So we moseyed and took it fairly easy back into camp. Shoutout to Barb for being a real awesome riding partner and not ditching me. She certainly could have — K-Man was strong and had plenty of gas in the tank. But I really appreciated her sticking with me to the end.

Coming in to the finish, I was feeling a little hopeful — Beeba wasn’t 100%, but she wasn’t any worse. So maybe we would be okay?

Yeah, not so much. We vetted through right away, but after trotting back and forth a couple times, even yanking the tack and pulling her boots to check for any dirt/stones (nothing), it still wasn’t good enough to pass the vet’s scrutiny. They couldn’t even pinpoint a specific leg, just that she was “off.”

And that’s how I got my first finish line pull.

Barb and K-Man finished, and looked great.

Since it’s a close-by ride, we packed up camp, horses got their legs wrapped and a couple hours of recovery time, then we all hit the road. Beeba came out of the trailer sound back home and moseyed around her turnout looking none the worse for the wear.

Obviously, things didn’t go according to plan, and it kind of put a crimp in future plans. At this point, we’re operating on the theory that Beeba is probably a better LD/competitive trail horse than an endurance horse. These are not her first pulls, and it’s not fair to her, or whoever is riding her, to keep trying to pursue something that she’s probably not optimal for. It’s hard, because I really enjoyed riding her and spending time with her, and if she was my horse and the only option I had to ride (like it was with Mimi), I would probably spend the time and $ seeing if I could make things work. But reality is, she’s not mine, so it’s not my call, and I’m not going to put money into a horse that isn’t mine.

This has certainly been an interesting ride season, that’s for sure. And I say that with the full intent of “interesting” being used in the context of a curse versus a compliment.

Afterthoughts: Man Against Horse 2009

So, I’ve only been cogitating on this for a month, post-ride. before finally deciding there wasn’t much to add to it, and that I should just post it already.

A Combination of What Didn’t Work/ What I’d Do Different/What Worked:

– The worst part of the ride was the fact I had an agonizing pressure point on my right shin from the stirrup leather. I don’t know if it was caused from all the downhill trotting, or it I have too much padding (ski sock, tights, half chaps), or if my stirrup leathers are too short. My stirrups have been making a slow, downward migration in the two and a half years since I’ve had this saddle, and it might be time for another change. I had to stop trotting a few times and walk for a few moments, just to let the pain ease before continuing.  (A Month Later: I dropped my stirrups about half an inch, and it’s really comfortable.  The true test will be the next 50, of course, but they feel better already, and I feel like it’s easier to relax with them a touch longer.)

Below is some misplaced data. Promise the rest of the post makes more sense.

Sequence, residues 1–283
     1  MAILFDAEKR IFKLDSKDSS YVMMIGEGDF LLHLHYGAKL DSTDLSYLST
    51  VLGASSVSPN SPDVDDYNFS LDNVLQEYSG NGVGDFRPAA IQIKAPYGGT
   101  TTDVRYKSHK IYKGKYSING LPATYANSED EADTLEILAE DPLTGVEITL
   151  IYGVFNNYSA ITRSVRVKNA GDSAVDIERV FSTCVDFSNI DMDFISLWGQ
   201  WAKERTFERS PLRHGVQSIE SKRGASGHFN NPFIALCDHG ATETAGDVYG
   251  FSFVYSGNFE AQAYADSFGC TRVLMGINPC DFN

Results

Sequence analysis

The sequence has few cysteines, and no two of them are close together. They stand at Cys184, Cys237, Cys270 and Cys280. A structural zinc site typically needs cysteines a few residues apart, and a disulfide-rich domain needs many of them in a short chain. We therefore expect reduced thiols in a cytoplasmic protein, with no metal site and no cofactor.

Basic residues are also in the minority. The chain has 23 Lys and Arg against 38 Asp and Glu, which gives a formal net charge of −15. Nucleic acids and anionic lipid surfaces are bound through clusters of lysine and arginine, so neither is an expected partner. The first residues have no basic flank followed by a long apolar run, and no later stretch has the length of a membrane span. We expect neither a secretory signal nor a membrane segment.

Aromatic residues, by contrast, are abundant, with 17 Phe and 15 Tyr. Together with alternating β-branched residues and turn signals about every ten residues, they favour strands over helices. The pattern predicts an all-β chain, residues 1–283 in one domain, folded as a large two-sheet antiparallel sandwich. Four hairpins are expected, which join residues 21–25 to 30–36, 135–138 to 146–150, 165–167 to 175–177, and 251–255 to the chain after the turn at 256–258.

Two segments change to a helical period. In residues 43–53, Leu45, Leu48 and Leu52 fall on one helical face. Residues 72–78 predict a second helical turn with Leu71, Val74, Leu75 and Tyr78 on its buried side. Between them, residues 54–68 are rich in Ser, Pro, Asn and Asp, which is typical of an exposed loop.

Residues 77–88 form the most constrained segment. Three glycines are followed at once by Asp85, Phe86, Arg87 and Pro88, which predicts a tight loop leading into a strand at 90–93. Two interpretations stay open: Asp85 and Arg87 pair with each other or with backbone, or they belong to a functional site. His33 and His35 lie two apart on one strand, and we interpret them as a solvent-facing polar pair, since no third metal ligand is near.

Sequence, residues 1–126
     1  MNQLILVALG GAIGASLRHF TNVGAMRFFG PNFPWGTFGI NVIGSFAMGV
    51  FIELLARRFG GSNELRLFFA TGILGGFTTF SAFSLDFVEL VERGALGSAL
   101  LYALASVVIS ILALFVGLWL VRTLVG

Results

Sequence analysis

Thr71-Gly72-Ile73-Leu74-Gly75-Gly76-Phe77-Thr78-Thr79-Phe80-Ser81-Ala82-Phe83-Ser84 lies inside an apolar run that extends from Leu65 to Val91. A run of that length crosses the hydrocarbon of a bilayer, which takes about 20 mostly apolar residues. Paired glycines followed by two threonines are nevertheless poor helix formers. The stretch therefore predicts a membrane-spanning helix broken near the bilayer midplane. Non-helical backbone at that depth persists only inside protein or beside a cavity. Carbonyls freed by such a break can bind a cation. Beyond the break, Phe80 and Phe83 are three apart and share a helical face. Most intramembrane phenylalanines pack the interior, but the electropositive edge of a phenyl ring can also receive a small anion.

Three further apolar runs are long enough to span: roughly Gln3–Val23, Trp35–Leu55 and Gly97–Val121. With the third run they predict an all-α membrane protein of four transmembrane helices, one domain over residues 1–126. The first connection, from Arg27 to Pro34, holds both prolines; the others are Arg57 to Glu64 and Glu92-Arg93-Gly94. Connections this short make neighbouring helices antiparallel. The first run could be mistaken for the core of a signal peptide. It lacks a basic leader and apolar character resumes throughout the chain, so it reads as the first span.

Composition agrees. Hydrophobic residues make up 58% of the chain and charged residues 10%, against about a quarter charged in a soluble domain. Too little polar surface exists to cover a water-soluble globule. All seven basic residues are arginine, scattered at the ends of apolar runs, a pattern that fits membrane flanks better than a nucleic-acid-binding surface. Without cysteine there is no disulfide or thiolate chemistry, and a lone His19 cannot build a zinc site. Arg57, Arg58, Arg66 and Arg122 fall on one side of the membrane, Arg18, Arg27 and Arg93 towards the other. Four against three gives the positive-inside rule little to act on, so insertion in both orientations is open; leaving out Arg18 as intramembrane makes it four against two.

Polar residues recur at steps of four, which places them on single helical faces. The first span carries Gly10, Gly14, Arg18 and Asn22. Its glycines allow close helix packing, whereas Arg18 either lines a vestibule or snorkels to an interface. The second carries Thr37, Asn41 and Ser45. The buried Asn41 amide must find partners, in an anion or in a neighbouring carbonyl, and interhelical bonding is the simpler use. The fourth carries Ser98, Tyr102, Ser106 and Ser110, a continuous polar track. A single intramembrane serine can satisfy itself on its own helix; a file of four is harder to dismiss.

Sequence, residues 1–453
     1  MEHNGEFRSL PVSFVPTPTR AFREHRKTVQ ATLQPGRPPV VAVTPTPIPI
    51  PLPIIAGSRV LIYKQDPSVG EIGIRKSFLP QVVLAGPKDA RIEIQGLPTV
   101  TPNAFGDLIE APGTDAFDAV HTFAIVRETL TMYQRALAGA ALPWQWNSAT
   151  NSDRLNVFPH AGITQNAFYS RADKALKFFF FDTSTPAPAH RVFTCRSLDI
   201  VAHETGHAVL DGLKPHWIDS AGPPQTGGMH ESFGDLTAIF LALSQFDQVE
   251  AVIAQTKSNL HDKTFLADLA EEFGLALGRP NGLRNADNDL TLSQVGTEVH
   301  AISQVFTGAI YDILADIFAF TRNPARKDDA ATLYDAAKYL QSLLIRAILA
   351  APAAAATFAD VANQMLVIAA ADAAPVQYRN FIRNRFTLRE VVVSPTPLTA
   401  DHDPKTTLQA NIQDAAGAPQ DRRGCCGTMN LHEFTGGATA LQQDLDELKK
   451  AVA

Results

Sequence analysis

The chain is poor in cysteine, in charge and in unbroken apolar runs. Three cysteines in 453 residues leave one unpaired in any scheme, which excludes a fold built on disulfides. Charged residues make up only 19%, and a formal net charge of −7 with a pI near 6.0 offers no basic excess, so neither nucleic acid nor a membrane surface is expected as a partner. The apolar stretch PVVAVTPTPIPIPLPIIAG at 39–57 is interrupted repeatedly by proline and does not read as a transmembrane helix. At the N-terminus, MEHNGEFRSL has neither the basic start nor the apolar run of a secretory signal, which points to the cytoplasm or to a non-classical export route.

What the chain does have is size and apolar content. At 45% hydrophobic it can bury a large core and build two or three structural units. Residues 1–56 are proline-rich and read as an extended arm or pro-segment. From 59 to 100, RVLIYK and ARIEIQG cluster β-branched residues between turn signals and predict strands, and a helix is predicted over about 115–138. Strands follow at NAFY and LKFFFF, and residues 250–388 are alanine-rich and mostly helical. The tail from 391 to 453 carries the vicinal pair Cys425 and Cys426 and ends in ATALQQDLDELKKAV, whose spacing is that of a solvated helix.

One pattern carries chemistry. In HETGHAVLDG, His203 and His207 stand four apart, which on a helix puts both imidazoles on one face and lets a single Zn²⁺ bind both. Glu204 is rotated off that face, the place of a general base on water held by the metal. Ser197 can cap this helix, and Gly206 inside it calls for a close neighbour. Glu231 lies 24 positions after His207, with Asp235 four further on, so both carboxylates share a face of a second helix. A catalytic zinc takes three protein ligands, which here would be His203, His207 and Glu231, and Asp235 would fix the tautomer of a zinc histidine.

I also had some pressure on the inside of my thighs from the top buckles, but just about any stirrup leathers I try will do that – one of the compromises I have to make in riding Mimi in an English saddle. In order for stirrup bars not to put pressure on her flat back, they can’t be recessed at all, hence the buckles will out pressure on my legs instead. I’ve tried the Wintec Webbers, but they’re so thin, they feel flimsy, like I don’t have as much leg support.
– Still working on the saddle packs arrangement. I like the larger front packs, with very little on the back end of the saddle. However, I still think I’m going to make a separate little bag, long and narrow, to carry electrolyte syringes in that will tuck behind my leg or something.  (A Month Later: Am contemplating seeing if I can get a custom Snugpax front pommel bags, with the larger camera bag added to the top of the same style packs as I already have, which are the packs, with the water bottle holders.  Haven’t gotten anywhere with designing and making an e’lyte-holding bag.)

– This is one of the first times she’s come up with a slightly sore back at the end of the ride, and I don’t know if it’s just because it’s such a difficult ride, or what. I know at VC2, I had to adjust my pad where it had slipped back under the saddle too far, and instead of properly loosening everything, lifting the saddle and pad, and sliding everything back into place, I just loosened the girth, yanked the front edges of the pad forward, and re-girthed her. It’s possible this rubbed against the grain of the hair and could have set up a sore spot, I suppose. I’d really like to get another pad, one that’s shaped to the saddle and has either front ties or billet straps.  (A Month Later: I’m also starting to poke around the treeless saddle department, so all new purchases are temporarily on hold until I decide what I want to do and what I can afford.)

– I maybe could have done better in the food department. I ate decently, and felt really good all day, so maybe I didn’t do as bad as I thought. I just didn’t think I ate very much out on trail. Looking back, maybe it was pretty good. Food count (that I can remember):